to bring about a union between two churches if they were already one and the same? A more
decided proof there could not be of the independence and anti-Romanism of
the Scottish Church of the eleventh century.
Let us look a little more closely at the
points of difference betwixt the two churches as they were brought out in this discussion.
The Queen opened the conference by insisting on uniformity of rite as essential to
uniformity of doctrine. "All who serve God in one faith with the Catholic
Church," said Margaret, "ought not to vary from that church by new or
far-fetched usages."6 No church has so often employed this argument, and no
church has so often contradicted it by her example as the Roman Church. Within her pale an
iron uniformity of rite has always existed with a boundless latitude of opinion. But the
point to be noted here is that Margaret’s remonstrance carries in it that neither in
rite nor in faith did the Columban Church and the Roman Church agree.
The Queen next charged the Culdees with
having fallen into grievous heterodoxy in the matter of the Lenten fast. "Our Lord
fasted forty days," Margaret urged, "so does the Roman Church; but the Scots by
refusing to fast on the Sabbaths in Lent, shorten their fast to thirty-six days."
Margaret told them that they sinned in so abbreviating this fast. Margaret, if any one,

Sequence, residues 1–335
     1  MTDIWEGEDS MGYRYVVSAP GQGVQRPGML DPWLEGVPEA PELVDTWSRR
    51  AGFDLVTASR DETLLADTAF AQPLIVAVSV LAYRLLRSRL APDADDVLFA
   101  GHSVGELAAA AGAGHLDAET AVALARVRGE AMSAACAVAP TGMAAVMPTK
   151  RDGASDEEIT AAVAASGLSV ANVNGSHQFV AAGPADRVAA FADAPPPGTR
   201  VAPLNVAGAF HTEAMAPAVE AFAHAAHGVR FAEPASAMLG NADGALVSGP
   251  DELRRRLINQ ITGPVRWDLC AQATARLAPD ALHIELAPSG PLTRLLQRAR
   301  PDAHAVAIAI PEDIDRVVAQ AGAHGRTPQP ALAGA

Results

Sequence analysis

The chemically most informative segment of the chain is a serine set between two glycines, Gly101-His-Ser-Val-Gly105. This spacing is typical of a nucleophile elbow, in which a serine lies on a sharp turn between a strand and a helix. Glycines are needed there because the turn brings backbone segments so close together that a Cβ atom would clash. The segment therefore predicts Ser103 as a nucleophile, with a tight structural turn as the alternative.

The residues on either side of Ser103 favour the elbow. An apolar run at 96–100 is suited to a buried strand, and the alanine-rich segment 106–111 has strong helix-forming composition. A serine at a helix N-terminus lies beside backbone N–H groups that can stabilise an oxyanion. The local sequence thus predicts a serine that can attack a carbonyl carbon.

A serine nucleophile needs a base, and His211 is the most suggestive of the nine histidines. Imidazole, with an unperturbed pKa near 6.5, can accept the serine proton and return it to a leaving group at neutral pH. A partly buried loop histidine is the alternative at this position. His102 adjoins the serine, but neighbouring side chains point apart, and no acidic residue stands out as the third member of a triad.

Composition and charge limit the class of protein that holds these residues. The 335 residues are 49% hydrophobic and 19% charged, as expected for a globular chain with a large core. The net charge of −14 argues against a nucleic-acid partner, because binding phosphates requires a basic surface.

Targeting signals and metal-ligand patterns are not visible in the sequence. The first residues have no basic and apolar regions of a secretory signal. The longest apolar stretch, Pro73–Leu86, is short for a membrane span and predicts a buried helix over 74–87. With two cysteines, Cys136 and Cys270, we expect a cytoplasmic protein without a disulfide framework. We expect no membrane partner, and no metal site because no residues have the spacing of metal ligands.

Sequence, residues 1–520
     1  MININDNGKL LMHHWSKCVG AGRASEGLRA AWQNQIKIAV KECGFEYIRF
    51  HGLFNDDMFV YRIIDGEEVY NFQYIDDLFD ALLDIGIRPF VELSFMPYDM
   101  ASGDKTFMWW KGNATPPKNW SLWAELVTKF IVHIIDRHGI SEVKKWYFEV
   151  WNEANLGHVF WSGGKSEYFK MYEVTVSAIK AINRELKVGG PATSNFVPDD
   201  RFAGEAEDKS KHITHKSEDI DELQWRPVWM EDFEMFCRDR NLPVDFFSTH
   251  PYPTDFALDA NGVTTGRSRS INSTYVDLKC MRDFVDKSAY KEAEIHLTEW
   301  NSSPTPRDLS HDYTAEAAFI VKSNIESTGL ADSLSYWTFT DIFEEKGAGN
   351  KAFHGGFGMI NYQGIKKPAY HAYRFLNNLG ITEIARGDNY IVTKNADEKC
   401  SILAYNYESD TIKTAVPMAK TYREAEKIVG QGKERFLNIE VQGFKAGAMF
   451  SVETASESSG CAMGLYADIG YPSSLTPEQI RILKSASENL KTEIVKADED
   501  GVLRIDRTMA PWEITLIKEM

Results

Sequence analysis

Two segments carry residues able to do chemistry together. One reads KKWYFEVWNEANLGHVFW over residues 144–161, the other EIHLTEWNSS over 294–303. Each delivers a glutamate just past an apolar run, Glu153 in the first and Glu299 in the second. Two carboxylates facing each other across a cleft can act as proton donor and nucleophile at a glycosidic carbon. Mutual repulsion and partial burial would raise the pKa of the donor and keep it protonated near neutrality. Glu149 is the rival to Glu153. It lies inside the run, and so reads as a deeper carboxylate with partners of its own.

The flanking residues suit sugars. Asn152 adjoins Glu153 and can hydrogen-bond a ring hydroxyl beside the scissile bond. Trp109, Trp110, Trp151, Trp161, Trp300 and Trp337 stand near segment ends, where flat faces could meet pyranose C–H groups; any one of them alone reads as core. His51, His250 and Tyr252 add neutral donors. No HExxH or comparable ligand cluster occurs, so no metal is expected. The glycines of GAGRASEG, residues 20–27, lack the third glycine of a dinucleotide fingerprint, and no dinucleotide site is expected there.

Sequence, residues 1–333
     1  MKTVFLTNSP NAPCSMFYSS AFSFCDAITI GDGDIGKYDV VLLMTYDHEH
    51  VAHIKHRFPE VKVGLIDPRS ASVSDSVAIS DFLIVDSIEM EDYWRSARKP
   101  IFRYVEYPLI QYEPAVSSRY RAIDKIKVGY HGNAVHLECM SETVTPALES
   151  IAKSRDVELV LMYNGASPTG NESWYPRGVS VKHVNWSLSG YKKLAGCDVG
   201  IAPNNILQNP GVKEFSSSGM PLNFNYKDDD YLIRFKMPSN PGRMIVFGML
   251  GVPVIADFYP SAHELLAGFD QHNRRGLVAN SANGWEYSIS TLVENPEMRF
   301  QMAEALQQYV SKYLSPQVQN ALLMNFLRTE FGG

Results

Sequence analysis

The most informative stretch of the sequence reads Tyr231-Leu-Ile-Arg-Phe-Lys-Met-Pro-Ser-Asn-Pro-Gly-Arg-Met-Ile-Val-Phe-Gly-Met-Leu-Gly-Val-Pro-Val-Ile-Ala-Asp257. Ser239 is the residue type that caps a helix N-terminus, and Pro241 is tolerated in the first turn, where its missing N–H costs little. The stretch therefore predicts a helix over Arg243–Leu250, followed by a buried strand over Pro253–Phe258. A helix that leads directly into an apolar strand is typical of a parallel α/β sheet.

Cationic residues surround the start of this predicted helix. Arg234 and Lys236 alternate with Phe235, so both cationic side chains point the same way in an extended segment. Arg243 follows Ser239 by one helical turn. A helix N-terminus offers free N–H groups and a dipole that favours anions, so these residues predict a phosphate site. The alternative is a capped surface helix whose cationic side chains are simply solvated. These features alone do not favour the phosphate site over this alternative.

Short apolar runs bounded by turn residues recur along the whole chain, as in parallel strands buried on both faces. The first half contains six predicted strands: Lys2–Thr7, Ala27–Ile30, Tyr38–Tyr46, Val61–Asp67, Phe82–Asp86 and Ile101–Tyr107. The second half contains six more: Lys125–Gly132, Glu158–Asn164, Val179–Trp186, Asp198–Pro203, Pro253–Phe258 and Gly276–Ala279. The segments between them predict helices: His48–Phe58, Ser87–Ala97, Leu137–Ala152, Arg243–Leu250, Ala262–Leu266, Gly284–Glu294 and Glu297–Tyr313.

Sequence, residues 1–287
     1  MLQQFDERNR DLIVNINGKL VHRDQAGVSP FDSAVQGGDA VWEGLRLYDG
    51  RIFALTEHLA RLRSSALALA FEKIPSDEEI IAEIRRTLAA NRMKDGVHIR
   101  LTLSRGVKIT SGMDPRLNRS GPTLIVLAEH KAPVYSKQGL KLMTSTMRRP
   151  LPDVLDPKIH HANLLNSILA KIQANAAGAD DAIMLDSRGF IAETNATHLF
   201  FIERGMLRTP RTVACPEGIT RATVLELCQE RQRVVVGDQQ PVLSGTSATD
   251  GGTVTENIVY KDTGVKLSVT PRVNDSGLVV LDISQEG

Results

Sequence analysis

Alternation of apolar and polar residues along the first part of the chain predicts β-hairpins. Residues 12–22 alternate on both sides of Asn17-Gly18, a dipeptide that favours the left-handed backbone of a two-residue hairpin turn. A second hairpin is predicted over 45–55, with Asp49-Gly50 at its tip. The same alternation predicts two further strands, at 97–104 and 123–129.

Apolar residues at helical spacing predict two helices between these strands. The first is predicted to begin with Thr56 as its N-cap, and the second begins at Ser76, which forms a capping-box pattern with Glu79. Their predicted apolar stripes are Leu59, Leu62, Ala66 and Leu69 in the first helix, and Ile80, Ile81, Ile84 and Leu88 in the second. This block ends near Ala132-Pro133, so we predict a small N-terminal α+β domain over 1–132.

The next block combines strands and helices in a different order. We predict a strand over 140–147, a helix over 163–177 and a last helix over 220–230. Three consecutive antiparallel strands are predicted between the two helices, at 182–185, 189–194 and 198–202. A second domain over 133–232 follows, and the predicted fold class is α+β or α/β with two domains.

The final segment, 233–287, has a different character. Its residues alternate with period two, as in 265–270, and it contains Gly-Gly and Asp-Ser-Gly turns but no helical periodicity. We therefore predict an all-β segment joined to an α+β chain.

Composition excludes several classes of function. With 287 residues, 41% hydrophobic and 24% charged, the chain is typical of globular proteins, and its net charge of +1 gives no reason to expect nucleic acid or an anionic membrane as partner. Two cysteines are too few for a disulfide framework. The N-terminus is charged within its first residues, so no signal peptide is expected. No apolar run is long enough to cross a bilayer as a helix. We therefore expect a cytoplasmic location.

had a right to call the Culdees to repent of this heinous transgression, seeing she
herself was so very exemplary in the observance of the duty of fasting. According to
Turgot, the pastors professed penitence and a promised amendment.
We very much doubt the accuracy of
Turgot’s statement on this head. The historic presumption is against the bishop. The
Culdee pastors were not likely to profess penitence oar promise amendment in a matter in
which they stood fully acquitted in the eyes of their Church. It is important to observe
here that the Scottish Church followed the Eastern usages in their fasts and festivals,
and by the ordinances of the Eastern Church all fasts were severely prohibited on
Sabbath (Saturday) and the Lord’s Day (Sunday).7 Besides,
"Fasting" was not the supremely meritorious observance in the eyes of the
Culdees which it was in those of Queen Margaret. Even granting that they were not able to
take full advantage of the liberty which the Gospel gives to Christians, especially in the
matter of bodily mortifications and ceremonial observances, they would not have burdened